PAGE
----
Millennials Finally Flee Parents’ Homes
May 3, 2017
The pace of young adults leaving their parents’ homes is accelerating significantly, Fannie Mae’s Economic and Strategic Research Group notes in a new analysis.
Young adults in their mid- to late 20s or early 30s living with their parents fell between 2013 and 2015—a period known as the economic recovery—much more so than between 2010 and 2012, when the economy and housing market were still recovering from the Great Recession, researchers note.
Read more: New Households Favoring Homeownership
Young adults aged 24 to 25 in 2013 and 26 to 27 in 2015 residing with their parents dropped by 7.6 percentage points. On the other hand, those who passed through that same age range between 2010 and 2012 saw a decline of only 5.4 percentage points, researchers note.
“Stronger income growth and an accelerated rate of marriage are likely two primary reasons why millennials are starting to leave their parents’ homes at a faster pace,” researchers note.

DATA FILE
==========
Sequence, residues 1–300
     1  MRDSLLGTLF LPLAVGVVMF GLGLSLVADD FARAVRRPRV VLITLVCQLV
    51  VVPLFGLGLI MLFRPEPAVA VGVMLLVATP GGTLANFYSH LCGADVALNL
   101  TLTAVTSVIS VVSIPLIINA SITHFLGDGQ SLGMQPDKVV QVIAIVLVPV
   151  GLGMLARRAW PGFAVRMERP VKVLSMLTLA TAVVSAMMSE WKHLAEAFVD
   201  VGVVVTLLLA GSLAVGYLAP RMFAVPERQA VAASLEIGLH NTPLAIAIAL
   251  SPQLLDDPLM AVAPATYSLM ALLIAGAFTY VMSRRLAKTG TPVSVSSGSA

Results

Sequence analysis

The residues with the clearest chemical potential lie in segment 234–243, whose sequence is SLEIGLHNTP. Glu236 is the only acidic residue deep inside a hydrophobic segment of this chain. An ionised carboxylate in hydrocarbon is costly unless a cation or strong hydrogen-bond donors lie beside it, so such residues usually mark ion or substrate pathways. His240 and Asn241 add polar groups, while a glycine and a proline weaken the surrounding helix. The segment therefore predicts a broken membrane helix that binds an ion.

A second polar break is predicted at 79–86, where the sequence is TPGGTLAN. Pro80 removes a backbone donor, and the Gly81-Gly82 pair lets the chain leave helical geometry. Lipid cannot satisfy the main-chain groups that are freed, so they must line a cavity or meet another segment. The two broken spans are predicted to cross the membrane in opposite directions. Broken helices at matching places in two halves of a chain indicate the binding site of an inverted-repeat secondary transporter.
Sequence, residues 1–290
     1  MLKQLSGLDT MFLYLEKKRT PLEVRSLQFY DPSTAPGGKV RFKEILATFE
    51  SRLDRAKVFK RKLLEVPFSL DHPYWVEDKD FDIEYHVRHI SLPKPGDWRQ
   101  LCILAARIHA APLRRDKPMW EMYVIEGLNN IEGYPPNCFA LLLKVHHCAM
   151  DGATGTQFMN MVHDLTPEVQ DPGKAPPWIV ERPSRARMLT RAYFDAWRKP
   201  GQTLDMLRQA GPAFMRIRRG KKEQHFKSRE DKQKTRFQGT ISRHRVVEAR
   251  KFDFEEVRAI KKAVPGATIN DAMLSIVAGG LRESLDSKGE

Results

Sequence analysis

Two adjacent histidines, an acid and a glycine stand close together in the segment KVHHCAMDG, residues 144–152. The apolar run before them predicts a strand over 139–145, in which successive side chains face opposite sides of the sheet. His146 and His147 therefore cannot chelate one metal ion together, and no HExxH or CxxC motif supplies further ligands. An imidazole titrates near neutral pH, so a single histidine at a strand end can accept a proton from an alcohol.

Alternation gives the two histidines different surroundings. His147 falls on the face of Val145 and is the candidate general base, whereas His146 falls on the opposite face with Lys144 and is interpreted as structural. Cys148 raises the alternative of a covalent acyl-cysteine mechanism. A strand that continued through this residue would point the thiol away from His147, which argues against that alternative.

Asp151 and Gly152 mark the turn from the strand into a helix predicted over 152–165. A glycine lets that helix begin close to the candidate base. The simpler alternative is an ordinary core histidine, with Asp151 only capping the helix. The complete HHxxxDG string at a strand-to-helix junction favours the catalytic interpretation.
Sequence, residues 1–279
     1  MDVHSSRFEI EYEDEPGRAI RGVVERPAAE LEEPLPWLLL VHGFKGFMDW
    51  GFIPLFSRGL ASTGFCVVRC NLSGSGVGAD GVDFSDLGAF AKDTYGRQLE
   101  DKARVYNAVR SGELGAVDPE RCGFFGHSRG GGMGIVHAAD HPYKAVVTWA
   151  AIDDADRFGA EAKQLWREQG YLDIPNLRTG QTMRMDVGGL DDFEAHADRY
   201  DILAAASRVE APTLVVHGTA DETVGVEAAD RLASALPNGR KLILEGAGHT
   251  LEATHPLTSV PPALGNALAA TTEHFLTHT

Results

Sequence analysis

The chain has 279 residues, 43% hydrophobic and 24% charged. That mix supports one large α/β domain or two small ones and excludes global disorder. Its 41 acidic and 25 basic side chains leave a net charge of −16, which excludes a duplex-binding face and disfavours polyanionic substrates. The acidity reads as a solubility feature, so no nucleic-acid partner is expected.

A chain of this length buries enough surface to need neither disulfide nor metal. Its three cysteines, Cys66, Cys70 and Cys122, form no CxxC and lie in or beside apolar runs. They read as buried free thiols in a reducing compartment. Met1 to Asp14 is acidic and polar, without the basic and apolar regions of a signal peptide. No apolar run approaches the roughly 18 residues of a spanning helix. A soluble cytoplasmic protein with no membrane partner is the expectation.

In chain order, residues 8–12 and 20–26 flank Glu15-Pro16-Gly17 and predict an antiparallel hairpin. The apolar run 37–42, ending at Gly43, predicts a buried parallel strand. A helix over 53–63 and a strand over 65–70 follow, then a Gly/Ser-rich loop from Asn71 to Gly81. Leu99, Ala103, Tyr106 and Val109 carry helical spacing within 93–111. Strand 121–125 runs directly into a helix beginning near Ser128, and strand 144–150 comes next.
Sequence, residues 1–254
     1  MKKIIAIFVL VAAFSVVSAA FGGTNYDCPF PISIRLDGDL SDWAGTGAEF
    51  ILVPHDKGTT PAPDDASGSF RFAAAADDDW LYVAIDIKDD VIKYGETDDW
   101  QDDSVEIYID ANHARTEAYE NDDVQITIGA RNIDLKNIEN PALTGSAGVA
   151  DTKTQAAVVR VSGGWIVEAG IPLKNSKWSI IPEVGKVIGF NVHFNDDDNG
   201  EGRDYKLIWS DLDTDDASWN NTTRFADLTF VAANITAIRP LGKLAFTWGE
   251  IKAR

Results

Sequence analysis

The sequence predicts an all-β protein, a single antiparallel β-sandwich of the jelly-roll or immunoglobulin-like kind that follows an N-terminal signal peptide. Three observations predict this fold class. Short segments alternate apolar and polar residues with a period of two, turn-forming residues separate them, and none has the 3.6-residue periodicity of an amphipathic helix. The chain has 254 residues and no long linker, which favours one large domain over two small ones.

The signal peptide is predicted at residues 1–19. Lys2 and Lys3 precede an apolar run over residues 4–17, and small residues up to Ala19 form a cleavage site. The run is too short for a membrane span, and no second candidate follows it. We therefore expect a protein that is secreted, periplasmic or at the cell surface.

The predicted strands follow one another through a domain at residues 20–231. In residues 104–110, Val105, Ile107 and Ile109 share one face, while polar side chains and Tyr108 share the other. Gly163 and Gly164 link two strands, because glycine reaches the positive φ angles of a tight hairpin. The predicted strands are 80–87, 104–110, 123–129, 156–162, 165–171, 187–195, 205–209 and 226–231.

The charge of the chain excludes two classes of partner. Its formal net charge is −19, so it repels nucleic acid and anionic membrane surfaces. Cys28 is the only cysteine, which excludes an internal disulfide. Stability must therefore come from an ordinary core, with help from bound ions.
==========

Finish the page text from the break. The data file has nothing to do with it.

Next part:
Millennials in their 20s or early 30s saw their income, adjusted for inflation, grow by at least 23 percent between 2013 and 2015 when compared to 2010 and 2012. Further, their incomes are at least 81 percent greater than between 2008 and 2010.
Also, millennials in their late 20s and early 30s between 2013 and 2015 were getting married at a markedly faster rate than their predecessors did in that same age range during the recession and the recovery thereafter, Fannie Mae’s report notes.
“Millennials’ accelerated rate of departure from their parents’ homes bodes well for housing demand,” Fannie Mae’s Economic and Strategic Research Group notes in the report. “Cohort analysis shows that the increased pace of leaving home has been accompanied by accelerated young-adult household formation.”
Source: “Starting to Launch: Millennials Are Leaving Mom and Dad’s Basement,” Fannie Mae’s Housing Insights (2017)
Updated: June 05, 2020